+0

Logs

+1
517
6
+514

Hi good people!,

this log problem is confusing me:

It says: write in expanded log form:

$$log{a^4 \over3^2x}$$

So, I do this:

$$loga^4-(log3^2+logx)$$

but this gives $$loga^4-log3^2-logx$$

which gives: $$4loga-2log3-logx$$

If I convert the last line back to a solve, I cannot see how I will get  $$log{a^4 \over3^2x}$$, again?..

Where am I going wrong?

Nov 9, 2017

#1
+103671
0

Looks right to me, I do not understand what your question is.

Nov 9, 2017
#2
+514
+1

Hi Melody,

well, it's this:

$$4loga-2log3-logx$$

goes to:

$$log{a^4 \over 3^2}$$

the "-logx"...how do i "see" mathematically that it is supposed to join the $$3^2$$ ?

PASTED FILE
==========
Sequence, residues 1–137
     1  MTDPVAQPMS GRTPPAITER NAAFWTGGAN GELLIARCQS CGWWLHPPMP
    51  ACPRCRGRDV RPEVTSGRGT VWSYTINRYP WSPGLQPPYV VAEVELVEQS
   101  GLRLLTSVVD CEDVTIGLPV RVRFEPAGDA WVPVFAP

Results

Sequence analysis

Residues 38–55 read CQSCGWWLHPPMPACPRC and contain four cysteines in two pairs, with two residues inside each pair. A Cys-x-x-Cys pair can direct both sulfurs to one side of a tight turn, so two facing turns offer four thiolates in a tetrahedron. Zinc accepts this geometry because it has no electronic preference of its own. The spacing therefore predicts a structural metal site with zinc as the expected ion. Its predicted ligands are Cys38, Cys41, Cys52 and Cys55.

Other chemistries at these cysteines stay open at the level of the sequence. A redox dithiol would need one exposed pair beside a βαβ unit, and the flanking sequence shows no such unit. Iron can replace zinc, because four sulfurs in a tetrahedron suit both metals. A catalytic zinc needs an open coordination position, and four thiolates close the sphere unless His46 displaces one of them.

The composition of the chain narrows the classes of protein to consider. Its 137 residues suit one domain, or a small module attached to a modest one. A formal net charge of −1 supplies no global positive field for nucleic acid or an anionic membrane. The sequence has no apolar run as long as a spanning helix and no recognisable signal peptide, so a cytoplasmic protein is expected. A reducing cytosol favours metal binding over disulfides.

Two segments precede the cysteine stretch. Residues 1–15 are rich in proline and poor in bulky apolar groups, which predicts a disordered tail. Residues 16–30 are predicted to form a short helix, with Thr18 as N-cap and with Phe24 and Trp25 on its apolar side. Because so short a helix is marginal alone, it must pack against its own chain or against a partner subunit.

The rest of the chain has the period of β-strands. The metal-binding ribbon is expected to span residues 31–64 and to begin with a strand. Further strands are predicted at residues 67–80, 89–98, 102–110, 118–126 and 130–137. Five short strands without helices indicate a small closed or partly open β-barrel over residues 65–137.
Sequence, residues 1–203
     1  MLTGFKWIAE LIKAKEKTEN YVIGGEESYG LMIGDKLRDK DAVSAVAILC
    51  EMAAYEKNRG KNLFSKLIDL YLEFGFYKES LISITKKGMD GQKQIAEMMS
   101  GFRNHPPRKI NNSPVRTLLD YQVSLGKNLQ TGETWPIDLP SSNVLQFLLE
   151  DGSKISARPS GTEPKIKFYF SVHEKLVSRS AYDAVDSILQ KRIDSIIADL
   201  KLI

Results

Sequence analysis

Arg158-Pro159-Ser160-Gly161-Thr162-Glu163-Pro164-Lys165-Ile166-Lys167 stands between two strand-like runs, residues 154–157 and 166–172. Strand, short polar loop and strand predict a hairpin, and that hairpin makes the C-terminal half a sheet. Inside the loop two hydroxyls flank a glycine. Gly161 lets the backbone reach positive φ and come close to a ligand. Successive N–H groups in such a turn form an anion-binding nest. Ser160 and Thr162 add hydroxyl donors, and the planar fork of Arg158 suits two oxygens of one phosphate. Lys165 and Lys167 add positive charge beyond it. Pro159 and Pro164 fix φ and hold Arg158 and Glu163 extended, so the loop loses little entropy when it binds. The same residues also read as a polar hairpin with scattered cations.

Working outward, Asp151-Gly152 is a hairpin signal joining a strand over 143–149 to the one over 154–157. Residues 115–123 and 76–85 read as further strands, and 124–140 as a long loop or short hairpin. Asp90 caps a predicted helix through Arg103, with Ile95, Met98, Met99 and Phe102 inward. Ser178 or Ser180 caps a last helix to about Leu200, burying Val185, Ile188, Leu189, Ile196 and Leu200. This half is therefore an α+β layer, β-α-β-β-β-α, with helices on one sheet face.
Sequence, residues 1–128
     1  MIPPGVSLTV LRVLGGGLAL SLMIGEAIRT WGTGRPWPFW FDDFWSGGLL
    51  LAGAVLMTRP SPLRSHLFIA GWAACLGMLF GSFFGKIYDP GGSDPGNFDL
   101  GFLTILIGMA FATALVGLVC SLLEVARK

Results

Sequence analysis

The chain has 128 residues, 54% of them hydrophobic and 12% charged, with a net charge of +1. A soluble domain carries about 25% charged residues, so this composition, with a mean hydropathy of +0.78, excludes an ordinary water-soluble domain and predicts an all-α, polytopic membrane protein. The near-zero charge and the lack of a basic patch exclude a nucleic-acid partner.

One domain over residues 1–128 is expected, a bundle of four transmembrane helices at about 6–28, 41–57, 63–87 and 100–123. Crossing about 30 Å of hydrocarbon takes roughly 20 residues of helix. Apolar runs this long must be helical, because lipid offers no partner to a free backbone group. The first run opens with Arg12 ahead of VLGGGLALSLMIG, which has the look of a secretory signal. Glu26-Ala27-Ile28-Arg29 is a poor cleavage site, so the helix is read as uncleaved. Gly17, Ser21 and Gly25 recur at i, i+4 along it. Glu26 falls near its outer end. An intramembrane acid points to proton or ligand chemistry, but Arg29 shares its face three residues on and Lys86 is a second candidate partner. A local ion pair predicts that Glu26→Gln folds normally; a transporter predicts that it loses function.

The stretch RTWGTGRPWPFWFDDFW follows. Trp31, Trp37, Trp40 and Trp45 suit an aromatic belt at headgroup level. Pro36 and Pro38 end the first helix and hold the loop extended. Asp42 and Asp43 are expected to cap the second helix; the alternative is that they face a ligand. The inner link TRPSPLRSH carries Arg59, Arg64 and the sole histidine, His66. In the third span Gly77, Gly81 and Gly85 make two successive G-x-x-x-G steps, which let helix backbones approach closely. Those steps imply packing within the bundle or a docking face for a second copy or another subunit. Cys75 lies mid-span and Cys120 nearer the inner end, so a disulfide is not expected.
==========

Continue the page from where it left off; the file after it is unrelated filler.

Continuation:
juriemagic  Nov 9, 2017
edited by juriemagic  Nov 9, 2017
#3
+102905
+1

Let's reverse the process

log  ( a4 / [ 32 x ]  )     =

log a4  -  [ log (32 * x) ] =

log a 4 - [ log 32 + log x ]   =

4 log a  - [ 2 log 3  + log x ]

4 log a  - 2 log 3  - log x

Nov 9, 2017
edited by CPhill  Nov 9, 2017
edited by CPhill  Nov 10, 2017
#4
+514
0

Hi CPhil,

yes, that is the part I understand, what I do not get is how to reverse that back to the single log term?

juriemagic  Nov 10, 2017
#5
+102905
0

Just reverse my steps......

Nov 10, 2017
#6
+514
+1

I see,

so it's a rule to take the second and third terms, should there be a "-" between them, together into a bracket, which obviously will have the "-" change to a "+"...and move on from there?..